Sibylle Berg (Weimar, 2 juni 1962)
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De Canadese schrijfster Carol Shields werd op 2 juni 1935 in Oak Park, Chicago, geboren als Carol Warner. Zie ook alle tags voor Carol Shields op dit blog.

Uit: The Stone Diaries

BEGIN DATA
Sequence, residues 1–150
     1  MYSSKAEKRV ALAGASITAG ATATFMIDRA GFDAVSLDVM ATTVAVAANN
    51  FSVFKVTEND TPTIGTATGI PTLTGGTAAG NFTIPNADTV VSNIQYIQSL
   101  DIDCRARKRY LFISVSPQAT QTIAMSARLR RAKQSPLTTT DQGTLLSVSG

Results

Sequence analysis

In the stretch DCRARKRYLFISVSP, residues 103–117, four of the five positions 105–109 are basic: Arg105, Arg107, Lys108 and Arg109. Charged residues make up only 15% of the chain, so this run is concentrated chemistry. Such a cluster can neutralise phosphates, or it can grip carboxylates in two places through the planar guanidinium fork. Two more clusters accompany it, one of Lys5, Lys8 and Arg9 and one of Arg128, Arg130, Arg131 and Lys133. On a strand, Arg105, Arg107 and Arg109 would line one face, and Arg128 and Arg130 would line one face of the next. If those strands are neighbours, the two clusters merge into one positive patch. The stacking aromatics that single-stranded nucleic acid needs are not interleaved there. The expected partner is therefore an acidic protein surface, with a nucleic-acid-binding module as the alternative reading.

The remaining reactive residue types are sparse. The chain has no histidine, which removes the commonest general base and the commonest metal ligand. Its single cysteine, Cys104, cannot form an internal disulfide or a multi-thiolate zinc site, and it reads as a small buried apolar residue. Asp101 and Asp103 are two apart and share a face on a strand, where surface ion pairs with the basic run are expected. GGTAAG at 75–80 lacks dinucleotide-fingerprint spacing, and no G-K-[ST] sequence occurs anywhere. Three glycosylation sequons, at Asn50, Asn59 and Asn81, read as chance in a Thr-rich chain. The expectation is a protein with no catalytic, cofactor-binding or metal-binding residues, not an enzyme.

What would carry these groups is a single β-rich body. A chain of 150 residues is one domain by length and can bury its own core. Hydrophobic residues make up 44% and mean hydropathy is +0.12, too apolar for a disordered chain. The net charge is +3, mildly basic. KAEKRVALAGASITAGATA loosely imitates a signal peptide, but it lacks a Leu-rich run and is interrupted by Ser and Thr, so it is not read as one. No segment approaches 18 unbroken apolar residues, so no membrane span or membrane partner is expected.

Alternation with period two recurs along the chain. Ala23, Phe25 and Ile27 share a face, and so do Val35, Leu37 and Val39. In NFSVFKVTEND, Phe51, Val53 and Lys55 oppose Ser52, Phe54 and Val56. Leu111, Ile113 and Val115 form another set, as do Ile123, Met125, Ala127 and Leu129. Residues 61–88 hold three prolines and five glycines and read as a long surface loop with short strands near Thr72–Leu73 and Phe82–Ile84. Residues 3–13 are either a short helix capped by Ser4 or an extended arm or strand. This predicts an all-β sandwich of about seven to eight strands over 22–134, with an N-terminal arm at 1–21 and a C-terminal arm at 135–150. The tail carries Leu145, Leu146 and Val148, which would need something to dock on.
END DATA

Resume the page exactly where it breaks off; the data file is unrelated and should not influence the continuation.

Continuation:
“Only bread seems to ease her malaise, buttered bread, enormous slabs of it, what she’s heard people in this village refer to as doorsteps. She eats it fresh from the oven, slice after slice, sometimes not bothering with the knife, just tearing it off in handfuls. One day, alone in this kitchen, she consumed an entire loaf between noon and supper. (one of the loaves burned, she explained to her husband, anxious to account for the missing bread—as though a man of my father’s dreamy disposition would notice so small an item, as though any man would notice such a thing.) Frequently she sprinkles sugar on top of the buttered bread. The surface winks with brilliance, its crystals working between her teeth, giving her strength. She imagines the soft dough entering the bin of her stomach, lining that bitter bloated vessel with a cottony warmth that absorbs and neutralizes the poisons of her own body. Her inability to feel love has poisoned her, swallowed down along with the abasement of sugar, yeast, lard, and flour; she knows this for a fact. She tries, she pretends pleasure, as women are encouraged to do, but her efforts are punished by a hunger that attacks her when she’s alone, as she is on this hot July day, hidden away in a dusty, landlocked Manitoba village (half a dozen unpaved streets, a store, a hotel, a Methodist Church, the Canadian Pacific Railway Station, and a boarding house on the corner of Bishop Road for the unmarried men). She seems always to be waiting for something fresh to happen, but her view of this “something” is obscured by ignorance and the puffiness of her bodily tissue. At night, embarrassed, she gathers her nightdress close around her. She never knows when she blows out the lamp what to expect or what to make of her husband’s cries, which are, thankfully, muffled by the walls of the wood-framed company house where she and my father live. Two rooms up, two down, a privy out back. She knows only that she stands apart from any coherent history, separated from the ordinary consolation of blood ties, and covered over and over again these last two years by Cuyler Goodwill’s immense, unfathomable ardor. Niagara in all its force is what she’s reminded of as he climbs on top of her each evening, a thundering let loose against the folded interior walls of her body. It’s then she feels most profoundly buried, as though she, Mercy Goodwill, is no more than a beating of blood inside the vault of her flesh, her wide face, her thick doughy neck, her great loose breasts and solid boulder of a stomach. Standing in her back kitchen, my mother’s thighs, like soft white meat (veal or chicken or fatty pork come to mind) rub together under her cotton drawers—which are wet, she suddenly realizes, soaked through and through. There are double and triple ruffles of fat around her ankles and wrists, and these ridged extremities are slick with perspiration. Her large swollen fingers press into the boards of the kitchen table, and her left hand, her wedding ring buried there in soft flesh, is throbbing with poison.”